Study objective: Tobacco use is common among emergency department (ED) patients, many of whom have low income. Our objective is to study the efficacy of an intervention incorporating motivational interviewing, nicotine replacement, and quitline referral for adult smokers in an ED.
Methods: This was a 2-arm randomized clinical trial conducted from October 2010 to December 2012 in a northeastern urban US ED with 90,000 visits per year. Eligible subjects were aged 18 years or older, smoked, and were self-pay or had Medicaid insurance. Intervention subjects received a motivational interview by a trained research assistant, 6 weeks' worth of nicotine patches and gum initiated in the ED, a faxed referral to the state smokers' quitline, a booster call, and a brochure. Control subjects received the brochure, which provided quitline information. The primary outcome was biochemically confirmed tobacco abstinence at 3 months. Secondary endpoints included quitline use.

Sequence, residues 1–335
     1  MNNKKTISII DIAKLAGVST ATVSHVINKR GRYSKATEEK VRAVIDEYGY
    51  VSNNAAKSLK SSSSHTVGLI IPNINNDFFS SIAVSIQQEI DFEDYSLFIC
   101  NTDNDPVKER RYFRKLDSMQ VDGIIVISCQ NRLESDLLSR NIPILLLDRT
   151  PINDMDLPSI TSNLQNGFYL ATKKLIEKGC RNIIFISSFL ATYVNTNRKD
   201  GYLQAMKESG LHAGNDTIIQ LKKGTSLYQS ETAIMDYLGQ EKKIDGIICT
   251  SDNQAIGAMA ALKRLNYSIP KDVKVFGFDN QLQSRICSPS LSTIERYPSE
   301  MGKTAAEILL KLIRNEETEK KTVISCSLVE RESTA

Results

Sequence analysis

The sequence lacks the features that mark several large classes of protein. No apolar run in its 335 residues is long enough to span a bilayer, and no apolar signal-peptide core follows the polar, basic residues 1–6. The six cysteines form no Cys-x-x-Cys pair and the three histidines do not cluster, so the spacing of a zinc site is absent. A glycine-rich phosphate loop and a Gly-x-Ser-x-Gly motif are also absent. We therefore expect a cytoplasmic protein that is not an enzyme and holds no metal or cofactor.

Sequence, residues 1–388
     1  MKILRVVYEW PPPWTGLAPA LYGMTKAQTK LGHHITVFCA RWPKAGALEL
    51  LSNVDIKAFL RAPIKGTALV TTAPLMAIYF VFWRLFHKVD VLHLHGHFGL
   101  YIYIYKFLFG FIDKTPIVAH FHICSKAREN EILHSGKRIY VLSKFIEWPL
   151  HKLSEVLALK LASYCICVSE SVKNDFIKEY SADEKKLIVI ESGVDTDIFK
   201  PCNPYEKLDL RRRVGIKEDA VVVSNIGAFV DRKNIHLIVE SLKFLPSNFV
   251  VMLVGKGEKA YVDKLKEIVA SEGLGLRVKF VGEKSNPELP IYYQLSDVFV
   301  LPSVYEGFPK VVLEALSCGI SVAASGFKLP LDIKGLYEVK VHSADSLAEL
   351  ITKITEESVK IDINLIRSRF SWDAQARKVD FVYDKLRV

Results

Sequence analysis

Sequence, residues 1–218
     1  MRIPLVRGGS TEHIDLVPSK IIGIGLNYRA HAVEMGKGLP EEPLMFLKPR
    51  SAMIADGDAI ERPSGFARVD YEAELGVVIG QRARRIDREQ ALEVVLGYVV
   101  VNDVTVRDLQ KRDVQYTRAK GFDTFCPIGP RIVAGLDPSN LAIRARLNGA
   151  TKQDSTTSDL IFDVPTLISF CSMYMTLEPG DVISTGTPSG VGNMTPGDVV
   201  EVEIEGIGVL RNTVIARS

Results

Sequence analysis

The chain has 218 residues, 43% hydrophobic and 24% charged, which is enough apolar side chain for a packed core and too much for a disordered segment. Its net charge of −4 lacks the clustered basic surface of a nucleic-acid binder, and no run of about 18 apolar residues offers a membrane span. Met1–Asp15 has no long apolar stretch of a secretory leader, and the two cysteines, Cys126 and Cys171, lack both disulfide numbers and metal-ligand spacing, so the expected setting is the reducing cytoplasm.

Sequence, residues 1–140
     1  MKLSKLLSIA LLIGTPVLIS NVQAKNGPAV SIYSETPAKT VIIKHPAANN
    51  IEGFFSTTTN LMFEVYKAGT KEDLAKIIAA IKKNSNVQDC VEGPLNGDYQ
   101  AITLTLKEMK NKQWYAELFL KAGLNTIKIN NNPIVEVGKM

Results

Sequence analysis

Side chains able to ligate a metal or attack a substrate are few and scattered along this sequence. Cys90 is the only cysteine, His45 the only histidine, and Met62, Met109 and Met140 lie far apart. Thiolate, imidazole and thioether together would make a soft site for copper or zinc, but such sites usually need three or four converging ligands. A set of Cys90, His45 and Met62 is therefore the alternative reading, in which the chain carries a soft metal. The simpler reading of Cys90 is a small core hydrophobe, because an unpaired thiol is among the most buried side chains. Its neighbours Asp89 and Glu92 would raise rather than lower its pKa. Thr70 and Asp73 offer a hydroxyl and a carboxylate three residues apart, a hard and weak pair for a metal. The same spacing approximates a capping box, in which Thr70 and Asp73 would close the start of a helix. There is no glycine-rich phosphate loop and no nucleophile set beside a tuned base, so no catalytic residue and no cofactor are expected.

Results: Of 778 enrolled subjects, 774 (99.5%) were alive at 3 months. The prevalence of biochemically confirmed abstinence was 12.2% (47/386) in the intervention arm versus 4.9% (19/388) in the control arm, for a difference in quit rates of 7.3% (95% confidence interval 3.2% to 11.5%). In multivariable logistic modeling controlling for age, sex, and race or ethnicity, study subjects remained more likely to be abstinent than controls (odds ratio 2.72; 95% confidence interval 1.55 to 4.75).
Conclusion: An intensive intervention improved tobacco abstinence rates in low-income ED smokers. Because approximately 20 million smokers, many of whom have low income, visit US EDs annually, these results suggest that ED-initiated treatment may be an effective technique to treat this group of smokers.
Copyright © 2015 American College of Emergency Physicians. Published by Elsevier Inc. All rights reserved.